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Micing Mandolin

Discussion in 'Guitars' started by jazzbass12, Dec 13, 2006.

  1. jazzbass12

    jazzbass12 Active Member

    I am tracking a mandolin. All I have is a Rode NT1A condensor with my Presonus Eureka. Any advice as to best micing practices? Any suggested eq sweet spots? I am thinking of using the conventional "neck meets the body" technique used with a acoustic guitar.
    The song is a folk rock type sound.
    Rich O
  2. Boswell

    Boswell Moderator Distinguished Member

    You'll have to experiment here, as it depends a lot on the player, the instrument and the acoustic (room) you are recording in. A few mandolin players manage to produce a good sound without excessive plectrum noise, but a lot of players produce pings and clatter of comparable amplitude with the musical noise at a typical mic distance of 12 - 18 inches.

    The NT1-A has only a cardioid pick-up pattern, but you can use that to advantage by positioning the mic so that the mandolin bridge is at least 60 degrees off axis. If your acoustic space will allow it, pull back a bit so you don't get too close. You could also try putting the mic a little higher than the bridge level so that it has to point slightly downward towards the instrument.
  3. jazzbass12

    jazzbass12 Active Member

    I would imagine the mandolin would have a higher plectrum response due the small size of the instrument. I might need some creative use of compression to keep the pick noise down. Maybe Multiband
  4. MadTiger3000

    MadTiger3000 Active Member

    I am still a n00b, but I am learning quick.

    You don't want to Multiband AKA "Maul the band."

    Explore all of your micing techniques (choice and placement) before you use a solution that is flawed. Multiband compression is not a panacea.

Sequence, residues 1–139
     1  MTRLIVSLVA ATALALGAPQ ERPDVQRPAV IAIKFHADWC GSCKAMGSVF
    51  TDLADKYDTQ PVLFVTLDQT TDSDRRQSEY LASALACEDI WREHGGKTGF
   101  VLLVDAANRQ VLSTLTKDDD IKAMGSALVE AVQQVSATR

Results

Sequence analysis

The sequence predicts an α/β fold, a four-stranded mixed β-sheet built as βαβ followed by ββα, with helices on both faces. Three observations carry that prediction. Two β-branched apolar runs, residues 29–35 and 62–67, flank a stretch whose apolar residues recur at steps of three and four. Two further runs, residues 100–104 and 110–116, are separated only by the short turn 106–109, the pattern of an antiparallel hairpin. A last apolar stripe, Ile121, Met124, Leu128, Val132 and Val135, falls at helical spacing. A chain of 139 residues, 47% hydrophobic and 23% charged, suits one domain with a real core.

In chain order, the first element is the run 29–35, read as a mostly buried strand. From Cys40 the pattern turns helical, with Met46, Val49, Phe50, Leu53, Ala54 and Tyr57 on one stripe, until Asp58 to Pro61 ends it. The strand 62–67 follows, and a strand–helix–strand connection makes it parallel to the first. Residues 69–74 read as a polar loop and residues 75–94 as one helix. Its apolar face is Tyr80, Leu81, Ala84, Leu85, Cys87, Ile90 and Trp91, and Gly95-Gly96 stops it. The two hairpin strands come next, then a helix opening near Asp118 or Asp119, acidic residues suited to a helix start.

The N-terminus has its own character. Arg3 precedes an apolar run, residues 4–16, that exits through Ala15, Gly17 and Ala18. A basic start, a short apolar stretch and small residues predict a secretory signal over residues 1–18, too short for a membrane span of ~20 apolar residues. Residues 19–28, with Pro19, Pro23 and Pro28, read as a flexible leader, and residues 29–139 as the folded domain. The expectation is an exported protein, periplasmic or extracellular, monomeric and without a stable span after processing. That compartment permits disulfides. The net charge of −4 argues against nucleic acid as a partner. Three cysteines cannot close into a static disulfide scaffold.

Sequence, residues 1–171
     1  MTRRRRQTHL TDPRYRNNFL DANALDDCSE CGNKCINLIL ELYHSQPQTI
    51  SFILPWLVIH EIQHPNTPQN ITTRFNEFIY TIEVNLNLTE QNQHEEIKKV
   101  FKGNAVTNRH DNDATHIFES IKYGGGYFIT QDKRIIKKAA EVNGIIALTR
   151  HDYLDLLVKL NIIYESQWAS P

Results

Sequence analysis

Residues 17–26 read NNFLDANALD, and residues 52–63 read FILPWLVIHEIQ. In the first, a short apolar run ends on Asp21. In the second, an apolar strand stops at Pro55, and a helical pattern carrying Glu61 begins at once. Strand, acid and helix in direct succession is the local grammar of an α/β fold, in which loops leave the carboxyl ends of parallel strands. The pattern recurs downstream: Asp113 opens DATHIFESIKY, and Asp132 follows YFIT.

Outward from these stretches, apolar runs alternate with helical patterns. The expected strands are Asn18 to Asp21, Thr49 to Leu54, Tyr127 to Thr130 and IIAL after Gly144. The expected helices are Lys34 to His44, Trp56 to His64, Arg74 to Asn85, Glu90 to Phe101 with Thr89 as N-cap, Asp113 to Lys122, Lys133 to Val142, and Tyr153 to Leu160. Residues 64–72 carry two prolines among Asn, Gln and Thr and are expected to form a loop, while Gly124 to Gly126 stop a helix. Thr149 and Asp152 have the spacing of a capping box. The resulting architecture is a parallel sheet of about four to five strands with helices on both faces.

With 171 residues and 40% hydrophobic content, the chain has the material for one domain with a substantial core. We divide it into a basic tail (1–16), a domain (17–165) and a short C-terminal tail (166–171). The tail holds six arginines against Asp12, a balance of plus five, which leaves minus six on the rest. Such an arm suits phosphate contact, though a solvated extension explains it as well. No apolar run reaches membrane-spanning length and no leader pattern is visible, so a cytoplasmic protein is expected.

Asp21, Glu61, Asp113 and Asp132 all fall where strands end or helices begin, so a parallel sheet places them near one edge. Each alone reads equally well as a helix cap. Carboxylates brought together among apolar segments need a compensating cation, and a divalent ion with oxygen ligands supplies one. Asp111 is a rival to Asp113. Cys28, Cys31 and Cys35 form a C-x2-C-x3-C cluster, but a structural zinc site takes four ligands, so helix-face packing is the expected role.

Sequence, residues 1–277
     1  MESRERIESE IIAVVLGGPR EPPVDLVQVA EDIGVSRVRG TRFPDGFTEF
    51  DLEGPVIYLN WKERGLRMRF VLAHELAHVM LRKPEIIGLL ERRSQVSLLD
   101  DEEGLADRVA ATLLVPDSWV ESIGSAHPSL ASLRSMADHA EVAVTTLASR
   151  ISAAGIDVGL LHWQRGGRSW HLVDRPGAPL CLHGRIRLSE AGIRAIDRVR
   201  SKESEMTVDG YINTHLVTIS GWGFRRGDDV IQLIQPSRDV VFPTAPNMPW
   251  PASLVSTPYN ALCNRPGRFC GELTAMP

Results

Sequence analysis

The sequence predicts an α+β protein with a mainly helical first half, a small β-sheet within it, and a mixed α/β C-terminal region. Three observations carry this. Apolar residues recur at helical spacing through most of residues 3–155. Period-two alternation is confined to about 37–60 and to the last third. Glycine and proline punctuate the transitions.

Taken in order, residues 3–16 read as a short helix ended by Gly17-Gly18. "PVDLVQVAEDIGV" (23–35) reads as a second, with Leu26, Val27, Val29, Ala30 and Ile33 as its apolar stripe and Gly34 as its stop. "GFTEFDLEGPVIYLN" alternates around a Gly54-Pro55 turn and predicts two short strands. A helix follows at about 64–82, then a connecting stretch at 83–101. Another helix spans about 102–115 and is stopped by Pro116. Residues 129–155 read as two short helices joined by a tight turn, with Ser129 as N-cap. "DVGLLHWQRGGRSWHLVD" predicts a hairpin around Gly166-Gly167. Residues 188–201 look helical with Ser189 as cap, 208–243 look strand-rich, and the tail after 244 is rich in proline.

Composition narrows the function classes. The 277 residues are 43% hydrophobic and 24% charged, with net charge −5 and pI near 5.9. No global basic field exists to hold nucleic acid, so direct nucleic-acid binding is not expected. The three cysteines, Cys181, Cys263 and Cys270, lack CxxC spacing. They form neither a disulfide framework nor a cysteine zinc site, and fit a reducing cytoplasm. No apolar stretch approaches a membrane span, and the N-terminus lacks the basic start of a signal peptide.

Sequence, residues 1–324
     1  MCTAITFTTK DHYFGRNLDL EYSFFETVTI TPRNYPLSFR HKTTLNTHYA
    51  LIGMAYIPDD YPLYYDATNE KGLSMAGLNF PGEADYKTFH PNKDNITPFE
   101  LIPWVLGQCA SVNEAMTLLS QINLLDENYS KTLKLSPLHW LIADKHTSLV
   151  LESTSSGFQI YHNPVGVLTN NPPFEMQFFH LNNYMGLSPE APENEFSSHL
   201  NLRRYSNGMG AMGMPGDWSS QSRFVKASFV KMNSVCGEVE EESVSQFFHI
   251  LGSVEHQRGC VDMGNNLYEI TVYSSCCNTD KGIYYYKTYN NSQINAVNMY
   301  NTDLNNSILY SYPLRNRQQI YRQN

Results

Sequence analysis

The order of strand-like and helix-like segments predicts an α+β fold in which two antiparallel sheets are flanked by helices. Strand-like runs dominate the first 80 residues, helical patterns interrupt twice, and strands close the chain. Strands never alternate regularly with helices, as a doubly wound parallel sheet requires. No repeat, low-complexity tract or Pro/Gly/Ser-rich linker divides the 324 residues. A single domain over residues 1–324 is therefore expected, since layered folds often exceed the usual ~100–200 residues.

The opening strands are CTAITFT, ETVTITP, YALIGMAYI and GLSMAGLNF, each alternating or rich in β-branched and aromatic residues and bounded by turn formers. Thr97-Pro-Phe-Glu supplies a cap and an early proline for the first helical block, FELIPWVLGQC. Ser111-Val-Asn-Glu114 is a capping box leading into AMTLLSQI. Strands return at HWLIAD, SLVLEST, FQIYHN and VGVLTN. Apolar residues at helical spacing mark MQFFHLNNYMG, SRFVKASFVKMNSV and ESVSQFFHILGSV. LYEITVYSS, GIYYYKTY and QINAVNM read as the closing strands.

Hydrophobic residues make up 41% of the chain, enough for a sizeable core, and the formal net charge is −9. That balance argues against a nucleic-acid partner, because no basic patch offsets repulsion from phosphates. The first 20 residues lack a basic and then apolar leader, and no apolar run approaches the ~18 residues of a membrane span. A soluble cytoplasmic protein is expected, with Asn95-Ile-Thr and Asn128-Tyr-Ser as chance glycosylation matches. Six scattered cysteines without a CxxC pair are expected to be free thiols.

5. moonbaby

    moonbaby Mmmmmm Well-Known Member

    I, too, doubt that multiband compression will serve well here. For starters, the "pick click" is kind of in the same frequency domain as a lot of the mandolins' notes range, so there is that issue. More importantly, a decent mandolinist will want control over his/her dynamics with "tremoloing" the strings, and compression will kill that. When I'ver recorded bluegrass players, I have found that a LDC is not the first choice for the delicate sound of the mandolin. I get better results from a Shure SM81 or an AT4041 SDC. Like the others have stated, mic choice/placement, the player's ability, and the room have a LOT more to do with capturing the instrument than spinning knobs...
  6. zemlin

    zemlin Well-Known Member

    I've had good results pointing the mic at the body below the bridge. Less pick noise away from the strings.
  7. Davedog

    Davedog Distinguished Member

    If all you have is the LDC with a cardioid pattern, then you are going to want some space between your mic and the instrument. This is if you are wanting the musical sound of the instrument. Mandolins require some room for the notes to develop. On the other hand, dont discount the percussive abilities of these instruments when adding them to a track filled with lots of other plectrum type stuff. If there are lots of guitars and drums, the only way to get the mandolin to 'stick' is via its percussive nature.

    I agree 100% that a SDC (and more than one) is the way to get mandolin sounds. I use a combo of LDC set to omni and an SDC in tight. Mandolins dont sound all that good with any sort of compression. Also....gobos and creating a space for it helps a lot.
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